Life Notes: Love/Hate & Marriage
Sometimes it’s not all sunshine and roses

It was one of the most successful pieces that essayist Judith Viorst had ever written for “Redbook” magazine. It also brought the most tumultuous outpouring of letters, comments and confidences.

The essay was simply but bravely called “Why I Sometimes Hate My Husband.” I can remember reading that column years ago and feeling enormous relief. Judith Viorst gets it, I thought. And she gave me permission to sometimes feel very – let’s say “uncharitable” feelings about my husband.

She understood perfectly that in the love between a man and a woman, there are grumbles that grow into flashpoints for rants and even rages. There are the can’ts and the don’ts that will probably never change. I think it’s important to know that. To face it squarely and still know that all is not lost.

Despite the way he cracks his knuckles or bites into an apple or hums in that maddeningly off-key way, this marriage can be saved. And will be.

Viorst was not talking about issues that are truly scary. That celebrated column was not about people separated by a dark continent of unresolved rage. Her musings were about the more prosaic notion that even in the best relationships, there are maddening and miserable moments. Lest you think that everyone else goes home and looks adoringly at one another, while you go home and lose it because your partner has once again left his sneakers in the middle of the bedroom floor and you’ve once again told him, “I almost broke my neck because of those damn sneakers!”
Sometimes, as Viorst reminded us, the ideal vision of marriage gets lost in the crumbs of anger and irritation, and can gallop all the way to rage.

And then there’s the ongoing challenge to just “fix” the person you’re looking at across the kitchen table. Your thoughts are not “I love him/her madly,” but tend toward, “I hate the way he sings off-key” or, “Why can’t she just reassemble the paper after she reads it?” Such unimportant things…until it all turns not just irritating, but infuriating.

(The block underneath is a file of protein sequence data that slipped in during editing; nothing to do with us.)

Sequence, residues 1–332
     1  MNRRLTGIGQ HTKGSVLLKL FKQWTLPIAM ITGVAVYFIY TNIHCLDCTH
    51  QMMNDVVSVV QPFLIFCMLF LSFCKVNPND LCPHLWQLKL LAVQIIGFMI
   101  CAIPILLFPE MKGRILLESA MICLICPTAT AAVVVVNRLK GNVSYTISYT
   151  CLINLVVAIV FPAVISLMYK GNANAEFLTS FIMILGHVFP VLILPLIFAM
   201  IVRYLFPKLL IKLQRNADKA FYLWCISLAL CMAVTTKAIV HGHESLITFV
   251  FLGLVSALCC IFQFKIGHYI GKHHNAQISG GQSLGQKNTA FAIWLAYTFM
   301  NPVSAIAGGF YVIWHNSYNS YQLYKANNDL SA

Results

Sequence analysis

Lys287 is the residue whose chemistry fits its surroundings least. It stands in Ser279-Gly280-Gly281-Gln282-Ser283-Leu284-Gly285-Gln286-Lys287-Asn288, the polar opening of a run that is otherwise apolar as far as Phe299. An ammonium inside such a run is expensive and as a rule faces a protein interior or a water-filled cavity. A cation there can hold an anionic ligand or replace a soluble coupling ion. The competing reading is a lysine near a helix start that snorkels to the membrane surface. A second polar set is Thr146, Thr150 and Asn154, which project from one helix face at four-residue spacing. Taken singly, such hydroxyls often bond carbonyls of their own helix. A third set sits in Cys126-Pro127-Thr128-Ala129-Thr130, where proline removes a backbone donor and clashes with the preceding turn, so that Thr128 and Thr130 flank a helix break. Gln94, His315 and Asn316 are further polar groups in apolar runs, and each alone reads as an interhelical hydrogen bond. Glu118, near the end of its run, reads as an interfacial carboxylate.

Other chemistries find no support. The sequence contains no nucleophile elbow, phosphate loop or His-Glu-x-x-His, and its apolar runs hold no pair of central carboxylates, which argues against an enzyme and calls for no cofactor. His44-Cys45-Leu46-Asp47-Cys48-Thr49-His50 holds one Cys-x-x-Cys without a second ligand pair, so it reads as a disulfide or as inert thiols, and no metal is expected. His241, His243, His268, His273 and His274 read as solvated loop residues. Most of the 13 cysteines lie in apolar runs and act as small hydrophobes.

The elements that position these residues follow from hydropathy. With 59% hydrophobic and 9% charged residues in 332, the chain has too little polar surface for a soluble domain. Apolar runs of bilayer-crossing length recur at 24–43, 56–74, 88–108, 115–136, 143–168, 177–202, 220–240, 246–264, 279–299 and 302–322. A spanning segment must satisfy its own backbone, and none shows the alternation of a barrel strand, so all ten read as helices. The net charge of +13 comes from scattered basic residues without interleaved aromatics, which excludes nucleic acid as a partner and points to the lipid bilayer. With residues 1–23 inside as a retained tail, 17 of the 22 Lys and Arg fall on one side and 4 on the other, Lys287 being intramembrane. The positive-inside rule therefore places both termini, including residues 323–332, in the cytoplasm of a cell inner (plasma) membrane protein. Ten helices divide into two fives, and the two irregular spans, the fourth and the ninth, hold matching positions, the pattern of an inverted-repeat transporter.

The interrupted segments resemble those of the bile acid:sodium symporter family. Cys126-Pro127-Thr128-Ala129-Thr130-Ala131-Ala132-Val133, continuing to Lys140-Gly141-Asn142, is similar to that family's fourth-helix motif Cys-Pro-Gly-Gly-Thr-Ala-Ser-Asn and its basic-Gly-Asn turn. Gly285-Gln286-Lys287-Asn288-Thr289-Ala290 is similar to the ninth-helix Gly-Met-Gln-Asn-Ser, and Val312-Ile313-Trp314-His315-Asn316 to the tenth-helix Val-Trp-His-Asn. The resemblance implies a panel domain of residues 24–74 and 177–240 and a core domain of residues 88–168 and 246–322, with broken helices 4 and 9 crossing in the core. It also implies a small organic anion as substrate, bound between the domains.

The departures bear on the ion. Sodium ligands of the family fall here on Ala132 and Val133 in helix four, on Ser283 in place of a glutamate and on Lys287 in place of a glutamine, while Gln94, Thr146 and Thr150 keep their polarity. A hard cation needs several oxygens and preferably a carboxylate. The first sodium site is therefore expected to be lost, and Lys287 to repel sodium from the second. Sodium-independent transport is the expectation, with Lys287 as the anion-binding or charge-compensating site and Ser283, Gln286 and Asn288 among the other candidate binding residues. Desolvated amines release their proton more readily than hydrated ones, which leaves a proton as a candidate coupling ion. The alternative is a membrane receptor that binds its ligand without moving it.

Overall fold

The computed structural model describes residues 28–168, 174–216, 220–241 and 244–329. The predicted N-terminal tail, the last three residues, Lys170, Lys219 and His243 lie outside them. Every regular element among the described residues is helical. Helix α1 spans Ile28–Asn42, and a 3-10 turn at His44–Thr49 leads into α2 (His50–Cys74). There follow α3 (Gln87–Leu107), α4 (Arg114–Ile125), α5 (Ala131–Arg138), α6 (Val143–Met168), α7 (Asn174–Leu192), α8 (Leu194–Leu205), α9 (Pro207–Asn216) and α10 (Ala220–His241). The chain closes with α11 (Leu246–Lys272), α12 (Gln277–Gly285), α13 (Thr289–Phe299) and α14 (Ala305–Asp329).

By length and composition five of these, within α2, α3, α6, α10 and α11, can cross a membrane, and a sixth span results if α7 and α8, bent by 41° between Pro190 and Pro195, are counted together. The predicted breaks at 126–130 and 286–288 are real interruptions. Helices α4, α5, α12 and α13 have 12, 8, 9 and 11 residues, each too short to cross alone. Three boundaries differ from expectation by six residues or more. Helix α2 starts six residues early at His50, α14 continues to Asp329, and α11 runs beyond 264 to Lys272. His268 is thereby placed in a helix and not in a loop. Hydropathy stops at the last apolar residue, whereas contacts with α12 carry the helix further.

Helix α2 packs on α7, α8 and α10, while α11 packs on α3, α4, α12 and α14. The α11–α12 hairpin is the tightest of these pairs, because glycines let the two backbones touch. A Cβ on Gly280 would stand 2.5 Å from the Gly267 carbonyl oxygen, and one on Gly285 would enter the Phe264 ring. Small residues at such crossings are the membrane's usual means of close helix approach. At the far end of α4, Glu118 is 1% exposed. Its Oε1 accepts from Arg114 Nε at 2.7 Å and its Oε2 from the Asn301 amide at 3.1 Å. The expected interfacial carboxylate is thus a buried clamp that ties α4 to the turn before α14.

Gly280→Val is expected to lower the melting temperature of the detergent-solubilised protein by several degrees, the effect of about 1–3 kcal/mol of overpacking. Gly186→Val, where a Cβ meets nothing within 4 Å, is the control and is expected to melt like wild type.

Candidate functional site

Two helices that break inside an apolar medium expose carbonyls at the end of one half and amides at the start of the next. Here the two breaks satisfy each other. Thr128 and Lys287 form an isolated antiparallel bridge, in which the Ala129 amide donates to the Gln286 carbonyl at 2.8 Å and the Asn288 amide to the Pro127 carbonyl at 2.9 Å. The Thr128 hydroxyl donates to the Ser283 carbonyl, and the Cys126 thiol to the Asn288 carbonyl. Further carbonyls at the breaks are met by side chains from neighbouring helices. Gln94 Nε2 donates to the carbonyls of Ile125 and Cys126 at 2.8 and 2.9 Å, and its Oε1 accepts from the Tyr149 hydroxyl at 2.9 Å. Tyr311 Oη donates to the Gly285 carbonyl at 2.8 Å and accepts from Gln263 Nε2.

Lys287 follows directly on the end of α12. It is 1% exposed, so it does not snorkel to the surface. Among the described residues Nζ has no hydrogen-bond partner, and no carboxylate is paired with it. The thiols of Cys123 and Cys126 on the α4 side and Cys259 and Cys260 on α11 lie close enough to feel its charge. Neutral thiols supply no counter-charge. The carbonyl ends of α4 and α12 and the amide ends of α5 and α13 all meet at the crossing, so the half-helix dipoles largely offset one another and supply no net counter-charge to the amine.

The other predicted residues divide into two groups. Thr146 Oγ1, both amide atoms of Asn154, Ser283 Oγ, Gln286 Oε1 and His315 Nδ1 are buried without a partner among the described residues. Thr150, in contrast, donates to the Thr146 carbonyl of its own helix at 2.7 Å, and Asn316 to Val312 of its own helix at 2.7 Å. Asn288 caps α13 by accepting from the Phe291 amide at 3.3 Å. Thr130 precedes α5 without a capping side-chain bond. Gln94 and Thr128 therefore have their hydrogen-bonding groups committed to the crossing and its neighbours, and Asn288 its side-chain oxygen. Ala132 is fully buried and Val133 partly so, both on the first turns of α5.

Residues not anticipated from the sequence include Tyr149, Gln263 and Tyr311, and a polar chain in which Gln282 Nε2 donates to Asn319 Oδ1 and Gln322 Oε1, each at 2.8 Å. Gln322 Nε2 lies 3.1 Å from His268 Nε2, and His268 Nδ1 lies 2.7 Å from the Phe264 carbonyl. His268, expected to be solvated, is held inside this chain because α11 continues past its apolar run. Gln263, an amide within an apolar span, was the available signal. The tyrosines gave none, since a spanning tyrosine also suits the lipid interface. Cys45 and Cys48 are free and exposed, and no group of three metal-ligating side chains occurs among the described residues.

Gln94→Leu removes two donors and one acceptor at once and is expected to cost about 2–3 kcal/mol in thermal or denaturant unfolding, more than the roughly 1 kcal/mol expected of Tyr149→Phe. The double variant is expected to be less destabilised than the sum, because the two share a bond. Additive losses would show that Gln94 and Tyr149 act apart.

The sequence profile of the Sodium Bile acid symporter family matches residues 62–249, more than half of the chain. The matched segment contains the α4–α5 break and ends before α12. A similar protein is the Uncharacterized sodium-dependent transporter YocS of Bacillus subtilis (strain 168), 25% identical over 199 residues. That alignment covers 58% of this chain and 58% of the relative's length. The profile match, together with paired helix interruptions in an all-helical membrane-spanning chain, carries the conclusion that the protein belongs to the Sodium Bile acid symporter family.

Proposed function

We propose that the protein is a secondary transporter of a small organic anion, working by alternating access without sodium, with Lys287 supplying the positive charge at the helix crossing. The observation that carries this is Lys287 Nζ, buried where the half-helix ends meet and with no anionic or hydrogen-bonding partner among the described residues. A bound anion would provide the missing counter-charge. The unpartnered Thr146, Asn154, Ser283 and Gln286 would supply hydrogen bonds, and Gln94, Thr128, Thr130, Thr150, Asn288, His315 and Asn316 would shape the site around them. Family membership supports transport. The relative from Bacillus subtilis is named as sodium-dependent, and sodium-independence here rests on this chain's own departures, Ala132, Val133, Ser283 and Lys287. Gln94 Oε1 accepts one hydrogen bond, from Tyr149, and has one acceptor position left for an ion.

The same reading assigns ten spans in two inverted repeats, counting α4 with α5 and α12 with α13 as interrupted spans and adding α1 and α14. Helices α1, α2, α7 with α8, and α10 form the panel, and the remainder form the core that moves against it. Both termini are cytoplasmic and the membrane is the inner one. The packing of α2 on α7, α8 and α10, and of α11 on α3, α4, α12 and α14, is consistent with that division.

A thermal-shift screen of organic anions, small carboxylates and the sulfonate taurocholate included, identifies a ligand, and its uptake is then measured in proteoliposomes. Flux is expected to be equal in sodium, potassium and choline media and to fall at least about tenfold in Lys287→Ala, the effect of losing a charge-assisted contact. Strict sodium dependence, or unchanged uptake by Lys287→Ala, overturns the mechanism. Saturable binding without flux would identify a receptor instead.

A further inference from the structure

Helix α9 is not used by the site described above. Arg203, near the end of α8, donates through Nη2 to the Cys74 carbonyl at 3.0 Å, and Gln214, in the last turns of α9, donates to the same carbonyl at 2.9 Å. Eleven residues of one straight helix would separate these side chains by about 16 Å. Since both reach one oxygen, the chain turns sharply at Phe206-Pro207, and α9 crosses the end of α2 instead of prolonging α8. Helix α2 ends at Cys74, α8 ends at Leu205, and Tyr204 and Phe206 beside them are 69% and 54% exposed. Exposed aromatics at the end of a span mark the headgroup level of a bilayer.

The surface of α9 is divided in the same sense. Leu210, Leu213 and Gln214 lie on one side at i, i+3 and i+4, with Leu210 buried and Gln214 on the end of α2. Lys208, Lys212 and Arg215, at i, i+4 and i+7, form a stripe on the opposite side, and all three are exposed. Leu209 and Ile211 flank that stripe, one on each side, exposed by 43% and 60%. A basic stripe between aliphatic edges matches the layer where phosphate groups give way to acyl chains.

Relationships are tough. And those irreconcilable differences do crop up in the best-intentioned relationships. If this all sounds like heresy in Valentine’s season, please read on.

My husband Victor and I have been married longer than we ever could have imagined when we took off to our honeymoon in Bermuda. I in my pink going-away ensemble, he in his spiffy navy-blue suit. We barely knew one another. Our entire romance had spanned 10 months before we stood facing each other saying “I do,” barely even thinking about the profound meaning of those two words.

I do…what?

It has taken us years, decades, a lifetime to truly understand what it all means. There will be no sonnets exchanged between us on Valentine’s Day. I will no doubt get a dozen roses, because corny as that sounds, I still love that gesture.

I will have made chocolate pudding – the old fashioned kind that gets a “skin” on it – and Vic will polish it off in a flash. And then it will be CNN on the den TV, not a tango on some nightclub floor. One of us would surely end up with a serious hip or back injury if we attempted that.

Our union has grown more precious, more dependent and, yes, more magnificent as we surrender to wrinkles and aches and losses of loved ones.

So we’ll take meatballs and spaghetti with the grandchildren as our ticket to paradise and lots more trips to the hardware store than to exotic ports of call. But when I hear Vic’s car pulling into the garage when it’s been pouring and he’s late, I feel a relief that defies words.

My guy is home, safe and sound. Thank you, God! We’ll have the meatloaf he loves, and I’ll rinse the silverware while he clears the dishes. And if we’re really lucky, tomorrow it will be more of the same.


February 2018
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